The central rod and “T” handle are made from 3/4″ PVC pipe, which can be sealed to keep it from filling with water. This makes the up-stroke lighter.
Now for the details:
At the upper end, the only complexity is that a 1-1/2″ by 3/4″ bushing must be reamed out in order to allow it to slide freely over the 3/4″ central rod (pipe). This bushing must not be glued in place, as it forms the guide bearing for the motion of the handle, and also is required to pull out of the top tee of the pump casing in order to open it for maintenance. All the other joints shown in the upper end photo, can be glued.
Otherwise, it can be made, as illustrated here, from a 1-1/2″ PVC male pipe thread adaptor (MPT adaptor), a threaded end cap, a disk cut from automotive inner tube rubber, and a 3/8″ by 1″ bolt with nut and washer. The cap is drilled as illustrated, and the disk of rubber is securely anchored inside with the bolt so that it covers the holes around the periphery, loosely.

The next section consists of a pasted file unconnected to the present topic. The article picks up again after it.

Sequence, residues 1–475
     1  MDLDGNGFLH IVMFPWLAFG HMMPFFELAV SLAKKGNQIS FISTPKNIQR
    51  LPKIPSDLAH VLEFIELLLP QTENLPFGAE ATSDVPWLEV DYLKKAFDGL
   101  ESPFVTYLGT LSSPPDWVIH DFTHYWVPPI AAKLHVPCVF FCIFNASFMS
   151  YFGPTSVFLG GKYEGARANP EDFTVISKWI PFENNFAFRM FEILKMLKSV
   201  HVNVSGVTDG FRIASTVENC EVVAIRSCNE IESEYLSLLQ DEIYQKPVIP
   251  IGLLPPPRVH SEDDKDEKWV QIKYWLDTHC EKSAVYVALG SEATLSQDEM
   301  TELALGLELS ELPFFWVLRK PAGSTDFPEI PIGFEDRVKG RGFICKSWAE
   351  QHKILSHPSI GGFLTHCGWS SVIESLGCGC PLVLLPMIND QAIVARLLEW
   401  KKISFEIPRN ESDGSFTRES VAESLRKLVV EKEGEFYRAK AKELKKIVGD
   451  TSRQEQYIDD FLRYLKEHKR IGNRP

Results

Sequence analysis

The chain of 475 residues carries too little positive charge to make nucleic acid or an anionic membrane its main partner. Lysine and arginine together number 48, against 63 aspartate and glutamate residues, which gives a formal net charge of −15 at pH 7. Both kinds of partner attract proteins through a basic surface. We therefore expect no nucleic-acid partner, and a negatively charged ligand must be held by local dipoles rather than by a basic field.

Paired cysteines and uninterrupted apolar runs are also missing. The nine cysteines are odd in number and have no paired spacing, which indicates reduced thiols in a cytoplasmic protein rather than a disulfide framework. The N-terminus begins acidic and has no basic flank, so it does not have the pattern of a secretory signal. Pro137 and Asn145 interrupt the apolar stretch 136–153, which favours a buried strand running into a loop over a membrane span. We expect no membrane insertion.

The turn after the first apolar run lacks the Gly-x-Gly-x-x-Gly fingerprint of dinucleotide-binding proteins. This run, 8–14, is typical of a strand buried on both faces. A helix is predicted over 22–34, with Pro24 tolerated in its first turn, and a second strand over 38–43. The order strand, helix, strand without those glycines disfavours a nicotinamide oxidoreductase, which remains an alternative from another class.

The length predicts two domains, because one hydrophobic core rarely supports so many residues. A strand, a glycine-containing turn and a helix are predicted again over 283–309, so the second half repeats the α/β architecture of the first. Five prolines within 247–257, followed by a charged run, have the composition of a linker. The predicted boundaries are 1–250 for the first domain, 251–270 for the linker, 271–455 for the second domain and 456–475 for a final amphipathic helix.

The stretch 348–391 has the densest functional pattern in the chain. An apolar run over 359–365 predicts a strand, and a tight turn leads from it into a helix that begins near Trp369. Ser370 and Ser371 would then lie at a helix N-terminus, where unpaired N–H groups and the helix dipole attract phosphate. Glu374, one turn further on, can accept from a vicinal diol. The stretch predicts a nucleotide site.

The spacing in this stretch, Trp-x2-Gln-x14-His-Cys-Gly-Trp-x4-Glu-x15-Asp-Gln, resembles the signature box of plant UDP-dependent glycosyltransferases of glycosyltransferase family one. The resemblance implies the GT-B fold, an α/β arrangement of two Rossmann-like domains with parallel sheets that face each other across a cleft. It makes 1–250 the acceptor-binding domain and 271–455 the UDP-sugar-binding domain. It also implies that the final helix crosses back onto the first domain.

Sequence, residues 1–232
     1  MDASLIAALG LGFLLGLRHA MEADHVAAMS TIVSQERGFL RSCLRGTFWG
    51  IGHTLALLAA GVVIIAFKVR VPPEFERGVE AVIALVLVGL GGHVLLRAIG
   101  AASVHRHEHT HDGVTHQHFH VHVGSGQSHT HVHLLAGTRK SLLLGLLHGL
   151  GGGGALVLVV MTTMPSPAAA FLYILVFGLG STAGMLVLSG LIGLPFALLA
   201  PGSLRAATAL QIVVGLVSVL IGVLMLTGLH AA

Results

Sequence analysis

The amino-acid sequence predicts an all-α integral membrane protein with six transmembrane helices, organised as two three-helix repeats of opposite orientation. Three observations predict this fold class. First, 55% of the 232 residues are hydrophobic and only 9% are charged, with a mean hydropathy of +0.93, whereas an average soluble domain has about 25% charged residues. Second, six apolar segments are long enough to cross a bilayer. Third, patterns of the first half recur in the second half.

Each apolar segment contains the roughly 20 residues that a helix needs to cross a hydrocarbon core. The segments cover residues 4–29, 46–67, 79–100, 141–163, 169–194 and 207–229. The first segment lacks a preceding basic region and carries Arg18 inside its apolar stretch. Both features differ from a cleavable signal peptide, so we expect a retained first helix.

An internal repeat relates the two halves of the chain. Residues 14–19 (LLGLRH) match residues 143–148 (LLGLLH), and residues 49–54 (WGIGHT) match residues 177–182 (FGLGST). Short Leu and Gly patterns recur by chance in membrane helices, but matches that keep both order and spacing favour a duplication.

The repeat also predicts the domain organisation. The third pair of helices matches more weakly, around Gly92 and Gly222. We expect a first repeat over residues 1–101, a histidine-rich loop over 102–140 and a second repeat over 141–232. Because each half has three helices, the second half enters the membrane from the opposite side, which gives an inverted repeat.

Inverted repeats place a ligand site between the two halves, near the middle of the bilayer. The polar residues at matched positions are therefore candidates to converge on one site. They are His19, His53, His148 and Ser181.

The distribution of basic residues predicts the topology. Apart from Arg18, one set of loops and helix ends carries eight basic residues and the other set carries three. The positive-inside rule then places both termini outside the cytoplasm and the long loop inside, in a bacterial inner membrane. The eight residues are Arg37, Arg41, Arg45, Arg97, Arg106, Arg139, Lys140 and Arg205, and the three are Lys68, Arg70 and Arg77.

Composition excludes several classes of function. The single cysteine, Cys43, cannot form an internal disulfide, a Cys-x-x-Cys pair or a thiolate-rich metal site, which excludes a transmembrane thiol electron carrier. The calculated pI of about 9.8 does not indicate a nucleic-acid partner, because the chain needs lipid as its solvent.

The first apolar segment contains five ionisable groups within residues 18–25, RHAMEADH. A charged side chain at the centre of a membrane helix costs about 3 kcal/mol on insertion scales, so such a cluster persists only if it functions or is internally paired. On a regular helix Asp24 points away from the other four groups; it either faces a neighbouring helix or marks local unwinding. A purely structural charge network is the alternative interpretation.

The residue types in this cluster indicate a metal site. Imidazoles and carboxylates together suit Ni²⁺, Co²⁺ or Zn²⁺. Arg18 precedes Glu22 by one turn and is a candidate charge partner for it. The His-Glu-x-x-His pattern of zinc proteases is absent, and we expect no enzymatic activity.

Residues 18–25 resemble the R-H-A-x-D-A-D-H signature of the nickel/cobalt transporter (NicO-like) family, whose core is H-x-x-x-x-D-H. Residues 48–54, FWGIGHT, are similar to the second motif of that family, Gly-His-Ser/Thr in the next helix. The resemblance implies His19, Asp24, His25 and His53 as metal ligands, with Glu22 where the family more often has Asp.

The present version of the plunger has been made a little more efficient than earlier versions, by using a 1/2″ by 2″ bolt and two 1/2″ nuts, to secure it to a 1/2″ MPT adaptor, as shown. This allows a sufficient annulus between the nut and the inner wall of the cap, to drill the perforations needed for the water to pass through the plunger on the down stroke. The plunger can be made from a 1″ PVC cap, sanded down slightly to fit easily into the 1-1/2″ cylinder, and drilled as shown here. The central hole is 1/2″ diameter to fit the bolt. The disk of inner tube rubber rests on top of the plunger and acts as a poppet valve to allow water to flow only upwards through the plunger.